In this poignant novel, a man guilty of a minor offense finds purpose unexpectedly by way of his punishment—reading to others.
After an accident—or “the misfortune,” as his cancer-ridden father’s caretaker, Celeste, calls it—Eduardo is sentenced to a year of community service reading to the elderly and disabled. Stripped of his driver’s license and feeling impotent as he nears thirty-five, he leads a dull, lonely life, chatting occasionally with the waitresses of a local restaurant or walking the streets of Cuernavaca. Once a quiet town known for its lush gardens and swimming pools, the “City of Eternal Spring” is now plagued by robberies, kidnappings, and the other myriad forms of violence bred by drug trafficking.
At first, Eduardo seems unable to connect. He movingly reads the words of Dostoyevsky, Henry James, Daphne du Maurier, and more, but doesn’t truly understand them. His eccentric listeners—including two brothers, one mute, who moves his lips while the other acts as ventriloquist; deaf parents raising children they don’t know are hearing; and a beautiful, wheelchair-bound mezzo soprano—sense his detachment. Then Eduardo comes across a poem his father had copied by the Mexican poet Isabel Fraire, and it affects him as no literature has before.
Through these fascinating characters, like the practical, quick-witted Celeste, who intuitively grasps poetry even though she never learned to read, Fabio Morábito shows how art can help us rediscover meaning in a corrupt, unequal society.
About the Author
Fabio Morábito was born in Egypt to an Italian family. When he was fifteen, his family relocated from Milan to Mexico City, and he has written all his work in Spanish ever since. He has published four books of poetry, four short-story collections, one book of essays, and two novels, and has translated into Spanish the work of many great Italian poets of the twentieth century, including Eugenio Montale and Patrizia Cavalli. Morábito has been awarded numerous prizes, most recently the Xavier Villaurrutia Prize, Mexico’s highest literary award, for Home Reading Service. His work has been translated into several languages. He lives in Mexico City.
Curtis Bauer is a poet and translator of prose and poetry from Spanish. He is the recipient of a PEN/Heim Translation Fund Grant and a Banff International Literary Translation Centre fellowship. His translation of Jeannette Clariond’s Image of Absence won the International Latino Book Award for Best Nonfiction Book Translation from Spanish to English. Bauer teaches creative writing and comparative literature at Texas Tech University.
Winner of the Premio Xavier Villaurrutia 2019 Winner of the Prix Roger Caillois 2019
“A satisfying fable, at once satiric and soulful, of a literary awakening in Mexico…this idiosyncratic performance will keep its audience rapt.” —Publishers Weekly
“First, the tempting promise of an almost existential discovery, then bewilderment, subtle humor, and then everything in this story that seemed small and simple strikes back with extraordinary resonance. What a pleasure it always is to read Morábito.” —Samanta Schweblin, author of Fever Dream and Mouthful of Birds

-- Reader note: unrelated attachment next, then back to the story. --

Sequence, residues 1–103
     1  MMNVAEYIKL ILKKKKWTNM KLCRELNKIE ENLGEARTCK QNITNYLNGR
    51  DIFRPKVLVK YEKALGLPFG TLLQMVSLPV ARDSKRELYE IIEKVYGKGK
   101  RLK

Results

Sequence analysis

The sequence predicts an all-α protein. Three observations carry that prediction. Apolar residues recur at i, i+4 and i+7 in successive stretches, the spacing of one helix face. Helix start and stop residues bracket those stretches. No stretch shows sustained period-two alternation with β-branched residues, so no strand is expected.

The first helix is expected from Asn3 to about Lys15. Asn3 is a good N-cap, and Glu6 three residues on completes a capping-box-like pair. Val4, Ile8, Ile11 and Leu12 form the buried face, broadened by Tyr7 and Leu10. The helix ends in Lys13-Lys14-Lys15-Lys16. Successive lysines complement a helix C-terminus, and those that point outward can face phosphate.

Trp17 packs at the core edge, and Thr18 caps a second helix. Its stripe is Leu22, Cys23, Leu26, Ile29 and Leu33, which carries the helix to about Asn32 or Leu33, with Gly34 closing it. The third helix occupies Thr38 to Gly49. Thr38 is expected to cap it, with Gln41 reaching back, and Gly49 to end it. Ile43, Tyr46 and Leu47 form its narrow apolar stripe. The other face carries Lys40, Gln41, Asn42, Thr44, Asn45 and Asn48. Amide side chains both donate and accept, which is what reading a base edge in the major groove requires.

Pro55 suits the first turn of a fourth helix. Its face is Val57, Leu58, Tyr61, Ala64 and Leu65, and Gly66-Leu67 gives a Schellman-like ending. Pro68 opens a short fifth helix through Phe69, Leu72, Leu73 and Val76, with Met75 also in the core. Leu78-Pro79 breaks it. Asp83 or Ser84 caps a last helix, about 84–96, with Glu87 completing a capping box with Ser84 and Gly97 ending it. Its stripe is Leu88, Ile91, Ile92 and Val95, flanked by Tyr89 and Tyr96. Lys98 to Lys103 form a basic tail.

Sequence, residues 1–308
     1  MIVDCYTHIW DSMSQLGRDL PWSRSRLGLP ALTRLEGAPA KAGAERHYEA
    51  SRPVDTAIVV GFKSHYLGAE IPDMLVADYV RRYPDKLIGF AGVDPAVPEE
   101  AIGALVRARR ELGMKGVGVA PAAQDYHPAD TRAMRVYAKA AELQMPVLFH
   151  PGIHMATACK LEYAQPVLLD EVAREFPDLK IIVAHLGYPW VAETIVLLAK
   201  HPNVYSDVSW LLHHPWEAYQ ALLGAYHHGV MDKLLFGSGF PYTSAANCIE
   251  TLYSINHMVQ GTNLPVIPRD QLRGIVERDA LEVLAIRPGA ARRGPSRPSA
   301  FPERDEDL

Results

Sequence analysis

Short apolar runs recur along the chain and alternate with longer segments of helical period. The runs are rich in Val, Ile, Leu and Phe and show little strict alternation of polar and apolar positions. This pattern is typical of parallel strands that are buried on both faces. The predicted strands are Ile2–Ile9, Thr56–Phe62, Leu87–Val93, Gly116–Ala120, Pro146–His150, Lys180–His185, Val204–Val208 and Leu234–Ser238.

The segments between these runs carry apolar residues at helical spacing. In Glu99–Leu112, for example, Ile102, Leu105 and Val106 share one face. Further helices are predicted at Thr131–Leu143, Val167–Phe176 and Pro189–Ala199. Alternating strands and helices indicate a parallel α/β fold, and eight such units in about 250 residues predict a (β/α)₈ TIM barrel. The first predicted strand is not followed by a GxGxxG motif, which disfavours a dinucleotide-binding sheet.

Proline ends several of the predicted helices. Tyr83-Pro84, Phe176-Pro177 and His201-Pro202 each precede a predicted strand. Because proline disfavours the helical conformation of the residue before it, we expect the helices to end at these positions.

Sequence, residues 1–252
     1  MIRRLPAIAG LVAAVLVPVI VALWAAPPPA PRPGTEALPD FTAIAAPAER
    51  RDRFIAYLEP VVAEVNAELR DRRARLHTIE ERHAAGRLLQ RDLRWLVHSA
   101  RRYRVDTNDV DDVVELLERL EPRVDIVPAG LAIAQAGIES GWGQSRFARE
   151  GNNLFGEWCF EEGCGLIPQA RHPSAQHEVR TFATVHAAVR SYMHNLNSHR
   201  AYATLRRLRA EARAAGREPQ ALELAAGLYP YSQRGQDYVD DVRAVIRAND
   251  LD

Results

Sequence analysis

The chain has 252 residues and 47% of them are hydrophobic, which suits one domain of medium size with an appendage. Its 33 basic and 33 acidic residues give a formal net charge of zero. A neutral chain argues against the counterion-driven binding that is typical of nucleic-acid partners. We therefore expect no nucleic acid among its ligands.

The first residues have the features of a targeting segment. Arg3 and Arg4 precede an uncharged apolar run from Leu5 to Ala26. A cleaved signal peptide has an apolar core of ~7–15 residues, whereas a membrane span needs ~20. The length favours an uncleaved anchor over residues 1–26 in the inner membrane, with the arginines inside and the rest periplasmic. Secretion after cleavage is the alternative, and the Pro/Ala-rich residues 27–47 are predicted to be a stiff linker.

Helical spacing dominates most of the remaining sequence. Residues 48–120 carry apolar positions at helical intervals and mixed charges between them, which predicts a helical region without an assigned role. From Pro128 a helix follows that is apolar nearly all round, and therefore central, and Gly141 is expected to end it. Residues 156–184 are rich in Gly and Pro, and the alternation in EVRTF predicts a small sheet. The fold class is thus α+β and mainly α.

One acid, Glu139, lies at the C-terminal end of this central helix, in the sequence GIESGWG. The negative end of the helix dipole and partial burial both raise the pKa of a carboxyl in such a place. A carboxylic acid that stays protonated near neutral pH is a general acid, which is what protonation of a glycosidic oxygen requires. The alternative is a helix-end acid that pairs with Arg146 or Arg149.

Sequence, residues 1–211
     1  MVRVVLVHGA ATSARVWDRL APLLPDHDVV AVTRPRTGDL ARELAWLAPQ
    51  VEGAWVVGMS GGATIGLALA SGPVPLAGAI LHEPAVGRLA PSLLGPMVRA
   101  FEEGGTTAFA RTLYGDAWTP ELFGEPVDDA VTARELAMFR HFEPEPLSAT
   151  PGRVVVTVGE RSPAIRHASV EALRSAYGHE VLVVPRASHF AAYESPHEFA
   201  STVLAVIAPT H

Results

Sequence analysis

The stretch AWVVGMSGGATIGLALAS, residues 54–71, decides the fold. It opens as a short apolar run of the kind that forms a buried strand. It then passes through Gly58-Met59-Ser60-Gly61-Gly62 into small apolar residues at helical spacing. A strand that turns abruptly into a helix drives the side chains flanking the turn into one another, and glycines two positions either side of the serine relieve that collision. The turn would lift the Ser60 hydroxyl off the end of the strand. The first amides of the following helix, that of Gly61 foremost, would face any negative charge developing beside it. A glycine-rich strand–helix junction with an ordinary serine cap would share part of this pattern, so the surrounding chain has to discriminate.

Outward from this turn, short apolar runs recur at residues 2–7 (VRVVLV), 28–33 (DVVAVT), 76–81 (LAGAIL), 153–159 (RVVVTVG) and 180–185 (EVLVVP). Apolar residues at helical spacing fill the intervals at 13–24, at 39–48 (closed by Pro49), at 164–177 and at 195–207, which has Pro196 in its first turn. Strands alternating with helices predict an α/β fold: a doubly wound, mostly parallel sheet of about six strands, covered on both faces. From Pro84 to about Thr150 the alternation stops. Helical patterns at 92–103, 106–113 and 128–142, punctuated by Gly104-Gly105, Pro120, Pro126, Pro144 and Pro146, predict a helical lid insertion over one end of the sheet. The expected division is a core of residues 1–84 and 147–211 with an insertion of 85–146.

“A wonderful addition to the literature of the picaresque, this vivid, original novel depicts the transformative power of literature within a society wrestling with its own social and political mutations.” —Chloe Aridjis, author of Sea Monsters
“I have always considered Morábito’s work my main school of writing. Here, his precise, understated but always satisfying prose is preserved in Bauer’s translation. Home Reading Service has contemporary violence as mere backdrop, and instead gives center stage to the suddenly rarefied acts of reading, of sharing, of paying—or not paying—attention. We are led through a series of quirky households and get to meet the unique underdogs who call them home. A humorous novel that entertains without ever giving up on poetry. A book with soul, despite all the swimming pools.” —Laia Jufresa, author of Umami
“In the tradition of the wittiest and wisest Mexican storytellers such as Jorge Ibargüengoitia, Juan Villoro, and Juan Pablo Villalobos, Fabio Morábito has written a fable about contemporary Mexico that is both hilariously entertaining and soberingly profound. Home Reading Service reads both as a beguiling page-turner and a tender and compassionate elegy about the social unraveling of a country devastated by corruption, organized crime, and collective solitude. Weeks after finishing this slim but muscular novel, I’m still haunted by it.” —Antonio Ruiz-Camacho, author of Barefoot Dogs
“I don’t think you can be a writer of this generation without rolling around in the work of Morábito, who taught us that writing is about playing with sounds. That is what happens in this novel, in which a home reader plays with the different ways of listening of seven families and stumbles between the healing power of words and the passion for literature, while serving a sentence and transforming his life.” —Emiliano Monge, author of Among the Lost and The Arid Sky
“The fascinating story of a man lost in his own thoughts who nevertheless transforms the lives of the people he interacts with. A great novel.” —Sin Embargo
“[A] magnificent novel…Morábito uncovers mysteries of everyday life.” —Criterio Hidalgo
“[Home Reading Service is] finely constructed, with a joyful and joyfully whimsical melancholy.” —Libération